Years ago, Walks of Italy put together an article called The Dos & Don't of Eating in Italy. It's a basic primer on how to avoid getting ripped off. A good read for first-timers to Italy.

I know many restaurant owners in Rome. One of our friends closed their 150+-year-old family restaurant last year as he could not afford the soaring taxes. I know how hard they struggled to avoid losing their business. Thus, I guess I get defensive when I see broad statements like:

  • The Vatican is surrounded by horrible tourist gouging restaurants and bars
  • Another Italian trick is to...
  • They are notorious for outrageous bill padding
  • ...a reputation for hosing tourists by not having giving a menu and then charging outrageous prices.
  • Rome is the one place we have most consistently found attempts at bill padding and such petty thievery in dining.

In this thread, I've tried to offer specifics, locations, photos, names of restaurants, a helpful article link, etc. If restaurants are doing this, please give us the names. I've not traveled to Europe for the last 60 years (that's pretty remarkable - congrats) but I have lived in Copenhagen, Rome, and Europe for more than 17 years. Some of our closest friends are Italians, living in Rome, and working in the service industry - some operating near the Vatican as that's where we lived. I think many of them would be offended by these broad, generalized statements. They're passionate, loyal, and honorable people.

Perhaps you are going to the wrong restaurants?

Posted by
17 posts

Ginger saporti e salute is located in the historical center
close to via corso
its a large healthy eating restaurant
for breakfast, they offer eggs, yogurt, fruit, pastries smoohties etc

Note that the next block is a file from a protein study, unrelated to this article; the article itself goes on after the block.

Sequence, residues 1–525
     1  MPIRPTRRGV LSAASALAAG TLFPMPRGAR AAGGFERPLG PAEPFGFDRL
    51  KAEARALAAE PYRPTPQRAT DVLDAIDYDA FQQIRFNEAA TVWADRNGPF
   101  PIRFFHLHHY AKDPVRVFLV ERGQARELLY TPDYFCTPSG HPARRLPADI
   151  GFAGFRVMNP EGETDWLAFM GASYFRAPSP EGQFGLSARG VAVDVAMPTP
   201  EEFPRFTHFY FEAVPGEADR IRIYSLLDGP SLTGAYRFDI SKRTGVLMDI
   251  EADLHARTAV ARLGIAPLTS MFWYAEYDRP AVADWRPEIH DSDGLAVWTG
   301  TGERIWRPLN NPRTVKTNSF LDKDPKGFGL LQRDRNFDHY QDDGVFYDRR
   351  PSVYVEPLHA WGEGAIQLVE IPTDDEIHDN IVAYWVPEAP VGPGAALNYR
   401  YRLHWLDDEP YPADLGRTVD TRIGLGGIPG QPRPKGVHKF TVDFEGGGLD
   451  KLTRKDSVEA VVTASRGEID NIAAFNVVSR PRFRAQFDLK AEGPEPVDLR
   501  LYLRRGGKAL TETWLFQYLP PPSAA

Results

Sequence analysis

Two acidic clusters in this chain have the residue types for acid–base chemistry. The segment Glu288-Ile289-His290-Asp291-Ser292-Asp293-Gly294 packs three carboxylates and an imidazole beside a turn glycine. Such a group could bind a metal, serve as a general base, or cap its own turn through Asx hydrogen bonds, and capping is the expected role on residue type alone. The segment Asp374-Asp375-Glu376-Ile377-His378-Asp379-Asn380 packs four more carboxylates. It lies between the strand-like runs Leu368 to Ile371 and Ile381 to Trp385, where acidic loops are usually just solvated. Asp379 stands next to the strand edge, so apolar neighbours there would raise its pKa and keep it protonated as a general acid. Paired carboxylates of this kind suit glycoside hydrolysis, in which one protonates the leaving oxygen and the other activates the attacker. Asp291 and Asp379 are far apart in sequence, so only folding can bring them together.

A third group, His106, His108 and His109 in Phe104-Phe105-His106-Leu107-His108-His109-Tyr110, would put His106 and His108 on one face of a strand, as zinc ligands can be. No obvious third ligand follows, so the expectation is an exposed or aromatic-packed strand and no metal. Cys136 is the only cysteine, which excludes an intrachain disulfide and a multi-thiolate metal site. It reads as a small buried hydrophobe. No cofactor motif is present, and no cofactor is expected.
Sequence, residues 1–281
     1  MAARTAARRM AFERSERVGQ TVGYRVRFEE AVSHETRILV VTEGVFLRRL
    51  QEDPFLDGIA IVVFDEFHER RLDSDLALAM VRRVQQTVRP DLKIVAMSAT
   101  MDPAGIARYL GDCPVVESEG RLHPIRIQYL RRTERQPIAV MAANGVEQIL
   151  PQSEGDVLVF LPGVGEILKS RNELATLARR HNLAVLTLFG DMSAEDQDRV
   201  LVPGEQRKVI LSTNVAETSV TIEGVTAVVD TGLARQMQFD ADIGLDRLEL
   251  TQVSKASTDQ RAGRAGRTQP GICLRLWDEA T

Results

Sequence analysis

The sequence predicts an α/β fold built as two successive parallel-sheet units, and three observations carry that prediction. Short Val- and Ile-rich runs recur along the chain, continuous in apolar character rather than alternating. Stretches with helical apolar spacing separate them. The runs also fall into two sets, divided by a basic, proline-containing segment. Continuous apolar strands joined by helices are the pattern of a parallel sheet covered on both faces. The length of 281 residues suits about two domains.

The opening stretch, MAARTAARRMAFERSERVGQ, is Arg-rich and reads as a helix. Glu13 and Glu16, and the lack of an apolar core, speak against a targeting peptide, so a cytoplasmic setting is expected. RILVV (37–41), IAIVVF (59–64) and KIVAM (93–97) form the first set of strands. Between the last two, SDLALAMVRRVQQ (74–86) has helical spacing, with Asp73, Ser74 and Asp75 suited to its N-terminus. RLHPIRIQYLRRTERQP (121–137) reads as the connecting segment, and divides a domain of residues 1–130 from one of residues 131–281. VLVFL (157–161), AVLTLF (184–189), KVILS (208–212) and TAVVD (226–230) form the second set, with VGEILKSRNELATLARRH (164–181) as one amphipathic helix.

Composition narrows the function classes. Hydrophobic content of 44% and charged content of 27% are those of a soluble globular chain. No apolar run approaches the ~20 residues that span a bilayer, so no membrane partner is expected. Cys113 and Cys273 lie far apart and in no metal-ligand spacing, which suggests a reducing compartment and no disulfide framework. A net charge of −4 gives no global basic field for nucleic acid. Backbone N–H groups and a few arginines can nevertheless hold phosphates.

good place

Posted by
75 posts

There's a tiny COOP grocery store located near the Pantheon that we visit on every trip to stock up on breakfast yogurt.

Copy this address into Google Maps and look up the location: Via Giustiniani, 18, 00186 Roma RM, Italy.

You can use "street view" to actually "walk" along the street to get a better look. The sign in front is so small, it's easy to miss. There's one set of doors to enter, and a separate set of doors to exit. It's a tiny store but they stock everything you could possibly need.

When purchasing fruit at this store: bag each type individually (i.e. apples separate from oranges). Weigh the fruit yourself by placing one bag on the scale at a time. For each item, enter the number listed on the display that corresponds to the type of fruit you have (that enters the price per kilo). The machine will print out a sticker with the price; place that on your bag. Take a reusable bag with you to carry your items back to your hotel; it'll make you feel like a local, When you go to pay, show the person at the cash register your bag; they'll appreciate you bagging the items yourself.

Hope this helps.

We always pick up fruit and yogurt for breakfast since our nearby hotel only offers a limited breakfast: superb caffè lattes, cappuccinos, espressos (and American coffee for those that want it), cornetti, toast, cereal and prunes. They have no problem with us bringing our yogurt and fruit up to the breakfast room.

Posted by
1623 posts

I agree with Ron - RnR. He has tons of experience and knowledge in and around Rome.

With that, one of my friends in Rome owns two stores and just opened a little restaurant. Pricing for the items in his stores - Vatican and Rome related trinkets, sweets, liqueurs, and other specialty foods - are very reasonably priced. I have not been to his new restaurant yet, but looking online to the website he linked me, prices are forthcoming and reasonable.

He also has gone to Il Matriciano. It is a little upscale and perhaps a little bit more money than other local eateries; if that is the same one that is referenced above from Ron.

As a few suggested, get the menu, look at the pricing, keep a mental note of what you are ordering or jot it down real quickly.

Still it is a good idea to check the bill no matter what country you're in. Sometimes, mistakes do happen :)

Posted by
1623 posts

I would like to add there is a larger market at Termini station, if you are in the area during the day and want to shop for a few things.

There are also Carrefour markets around Rome.